Let's consider a vortex created on a hot day over dry terrain. In this situation, air near the ground absorbs more of the sun's energy and heats up faster than air higher in the atmosphere. As the temperature of the ground-level air rises, it becomes less dense and more buoyant. This superheated air then rises in columns or chimneys, creating strong updrafts that can extend thousands of feet into the air. In most cases, an upward-spiraling motion -- analogous to the whirlpool effect you observe when water drains from your bathtub -- develops within the column of air. Some of these vortices are weak and remain invisible. Others, spawned from intense updrafts, generate significant rotation as even more air is sucked into the spinning column. When they pick up dust or sand, they become clearly visible as whirlwinds.
Now imagine a different scenario: a wildfire burning out of control over several hundred acres of brush or timber. In this situation, it's the fire, not the sun, that increases the heat of the air near the Earth's surface. The results, however, are the same. Superheated air above the blaze rises rapidly in columns or, to use firefighter speak, in plumes. As the air rises, it begins to rotate, drawing in more air and slowly drawing the flames upward in a tight spiral. Most fire whirls stay small -- a foot or two in diameter. But some can grow to be 400 feet (122 meters) tall and 50 feet (15 meters) wide. In other words, they can assume proportions of a small tornado.
Notice that the axis of rotation in the examples above lies perpendicular to the ground. This is often the case, especially if extreme heating causes intense updrafts. But not every vortex begins its life standing straight up. Some begin on their backs (or bellies, if you prefer), with the axis of rotation oriented parallel to the ground. Then, an uplifting force tilts the horizontal vortex up until it stands on one end. Scientists now believe that this is how many fire whirls form. They also think the same processes explain how the vortex at the heart of a supercell tornado -- the mesocyclone -- develops and evolves. Up next, we'll look more closely at this peculiar aspect of vorticity and what conditions can create the perfect firestorm.
Rockin' Roll: Fire Tornadoes and Horizontal Vorticity
We're used to seeing tornadoes and fire whirls spinning in an upright position, so it's strange to think of them oriented any other way. Recently, however, scientists have proposed a new model to explain how vertical vortices develop. Here's how it works:
- Everything begins with a horizontal vortex, or roll. In the case of supercell tornadoes, the rolling motion occurs when fast winds high above the ground run into slower winds near the ground. This is known as a kind of wind shear called speed shear, and it imparts a horizontal rolling motion to the air as the opposing winds collide. Wind shear can also play a role in wildfires, but wildfires can generate horizontal vortices without the help of large-scale winds. This occurs on the forward side of the fire line, where horizontal temperature differences develop as hot air behind the fire meets cold air in front of the fire.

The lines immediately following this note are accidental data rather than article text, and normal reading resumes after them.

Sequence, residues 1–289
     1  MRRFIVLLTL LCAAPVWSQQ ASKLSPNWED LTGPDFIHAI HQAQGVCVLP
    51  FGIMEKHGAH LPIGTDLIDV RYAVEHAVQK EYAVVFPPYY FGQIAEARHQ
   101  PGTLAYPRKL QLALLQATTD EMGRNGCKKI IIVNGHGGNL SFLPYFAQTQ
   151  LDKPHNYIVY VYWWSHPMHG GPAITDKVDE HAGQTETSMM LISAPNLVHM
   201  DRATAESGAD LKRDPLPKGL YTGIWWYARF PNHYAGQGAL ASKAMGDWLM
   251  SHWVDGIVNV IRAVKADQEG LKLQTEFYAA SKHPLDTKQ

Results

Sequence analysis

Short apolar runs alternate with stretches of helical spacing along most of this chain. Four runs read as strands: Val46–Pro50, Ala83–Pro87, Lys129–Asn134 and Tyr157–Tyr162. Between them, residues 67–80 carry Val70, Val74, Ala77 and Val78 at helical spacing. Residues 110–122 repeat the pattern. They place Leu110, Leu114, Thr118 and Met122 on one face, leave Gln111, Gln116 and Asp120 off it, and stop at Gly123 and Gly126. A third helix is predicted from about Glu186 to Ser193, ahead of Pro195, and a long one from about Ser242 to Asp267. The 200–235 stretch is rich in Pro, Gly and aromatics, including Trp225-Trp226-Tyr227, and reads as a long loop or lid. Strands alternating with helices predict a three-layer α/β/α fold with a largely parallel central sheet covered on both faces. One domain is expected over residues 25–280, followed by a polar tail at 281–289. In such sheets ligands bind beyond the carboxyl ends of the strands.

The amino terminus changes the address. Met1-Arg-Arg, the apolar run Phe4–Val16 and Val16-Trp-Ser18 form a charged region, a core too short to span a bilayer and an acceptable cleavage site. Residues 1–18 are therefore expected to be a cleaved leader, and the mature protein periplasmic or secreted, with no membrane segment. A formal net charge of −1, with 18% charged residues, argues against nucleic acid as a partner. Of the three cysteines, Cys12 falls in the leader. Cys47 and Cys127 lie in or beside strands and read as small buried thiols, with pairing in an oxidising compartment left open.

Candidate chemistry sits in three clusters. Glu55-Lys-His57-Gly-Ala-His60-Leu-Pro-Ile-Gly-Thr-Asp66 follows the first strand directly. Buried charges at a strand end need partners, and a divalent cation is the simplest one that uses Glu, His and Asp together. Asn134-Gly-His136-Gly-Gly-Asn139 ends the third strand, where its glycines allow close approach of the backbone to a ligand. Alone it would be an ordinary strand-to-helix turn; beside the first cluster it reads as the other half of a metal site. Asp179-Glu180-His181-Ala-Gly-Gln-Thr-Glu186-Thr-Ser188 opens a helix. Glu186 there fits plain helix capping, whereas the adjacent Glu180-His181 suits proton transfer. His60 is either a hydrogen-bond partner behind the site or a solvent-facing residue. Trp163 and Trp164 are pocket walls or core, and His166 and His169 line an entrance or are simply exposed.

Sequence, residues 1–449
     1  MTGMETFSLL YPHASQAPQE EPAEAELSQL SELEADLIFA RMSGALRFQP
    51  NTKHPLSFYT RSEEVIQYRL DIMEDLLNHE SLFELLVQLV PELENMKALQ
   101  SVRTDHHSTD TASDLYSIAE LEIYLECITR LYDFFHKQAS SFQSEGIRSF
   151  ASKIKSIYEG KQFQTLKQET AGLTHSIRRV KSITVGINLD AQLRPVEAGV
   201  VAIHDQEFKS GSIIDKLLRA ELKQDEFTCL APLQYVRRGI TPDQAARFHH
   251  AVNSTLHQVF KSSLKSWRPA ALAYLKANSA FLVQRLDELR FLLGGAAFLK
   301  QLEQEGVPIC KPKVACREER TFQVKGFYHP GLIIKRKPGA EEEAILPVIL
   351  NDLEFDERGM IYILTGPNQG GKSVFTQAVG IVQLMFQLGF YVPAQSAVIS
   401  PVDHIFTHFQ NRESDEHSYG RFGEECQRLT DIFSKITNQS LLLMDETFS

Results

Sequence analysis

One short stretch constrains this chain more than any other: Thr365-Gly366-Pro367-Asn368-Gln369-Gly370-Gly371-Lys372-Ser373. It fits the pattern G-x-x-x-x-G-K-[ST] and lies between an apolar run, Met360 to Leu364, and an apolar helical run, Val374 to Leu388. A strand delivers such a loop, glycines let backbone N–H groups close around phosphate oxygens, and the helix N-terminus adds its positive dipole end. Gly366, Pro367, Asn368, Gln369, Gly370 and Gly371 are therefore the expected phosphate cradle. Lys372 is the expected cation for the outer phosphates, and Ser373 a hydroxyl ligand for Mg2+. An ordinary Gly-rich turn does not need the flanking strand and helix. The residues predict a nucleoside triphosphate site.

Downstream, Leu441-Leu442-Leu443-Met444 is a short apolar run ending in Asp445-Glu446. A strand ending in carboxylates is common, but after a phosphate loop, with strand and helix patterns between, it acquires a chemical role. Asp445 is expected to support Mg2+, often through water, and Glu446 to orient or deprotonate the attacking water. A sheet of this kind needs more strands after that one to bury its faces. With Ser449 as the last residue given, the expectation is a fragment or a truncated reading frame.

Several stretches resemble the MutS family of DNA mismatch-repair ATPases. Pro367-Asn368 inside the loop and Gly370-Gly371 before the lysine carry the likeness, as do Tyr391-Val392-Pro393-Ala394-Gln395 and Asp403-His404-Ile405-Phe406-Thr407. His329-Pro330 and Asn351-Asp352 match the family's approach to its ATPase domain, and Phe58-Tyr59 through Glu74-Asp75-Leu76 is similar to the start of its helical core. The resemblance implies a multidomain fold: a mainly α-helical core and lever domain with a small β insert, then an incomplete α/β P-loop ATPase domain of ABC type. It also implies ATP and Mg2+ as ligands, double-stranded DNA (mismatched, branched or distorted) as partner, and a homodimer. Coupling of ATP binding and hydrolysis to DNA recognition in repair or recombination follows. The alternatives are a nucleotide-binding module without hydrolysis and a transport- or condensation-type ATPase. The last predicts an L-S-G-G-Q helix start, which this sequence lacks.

- Next, a horizontal roll encounters an updraft -- a column of warm air rising high into the atmosphere. As we discussed in the previous section, updrafts normally develop when the sun heats up the Earth's surface, but they can also occur over fires. If you think of the horizontal vortex as a Slinky and the updraft as a telescoping arm, you can form some concrete imagery around an otherwise invisible phenomenon. As the telescoping arm (updraft) lifts higher, the Slinky (horizontal roll) begins to bulge upward.
- If the updraft is strong enough, it will continue to raise the horizontal roll until a large section splits off and, eventually, stands upright. The now-vertical vortex obeys all of the same principles as a vortex that begins its life in the vertical position. It intensifies by sucking air into the "pipe" and then begins to elongate, pulling flames, smoke and embers high into the air.
The fire whirl that results from this process may seem like a non-meteorological event, but many scientists would describe it as an example of microweather: a small-scale weather system created by a localized event. In the case of fire tornadoes, that event is a fire, usually a wildfire, but sometimes also a house fire or an urban conflagration caused by firebombing, nuclear detonations or natural disasters. The only requirement, then, is a large amount of dry fuel and an intense blaze concentrated in a relatively small area. When these conditions are met, fire tornadoes are likely to form.
As you can imagine, firefighters encounter these meteorological rarities far more often than average citizens. And they must be especially cautious. Fire tornadoes have been known to ignite new fires by moving into unburned territory. They also perform really nasty tricks, such as picking up flaming logs and hurling them great distances. Not surprisingly, many state forestry services include fire whirl basics in their training. The California Department of Forestry and Fire Protection, for example, shows its firefighters a 1989 video of a fire whirl that developed during a major wildfire and then raced forward to consume three parked fire trucks and a news crew filming the event.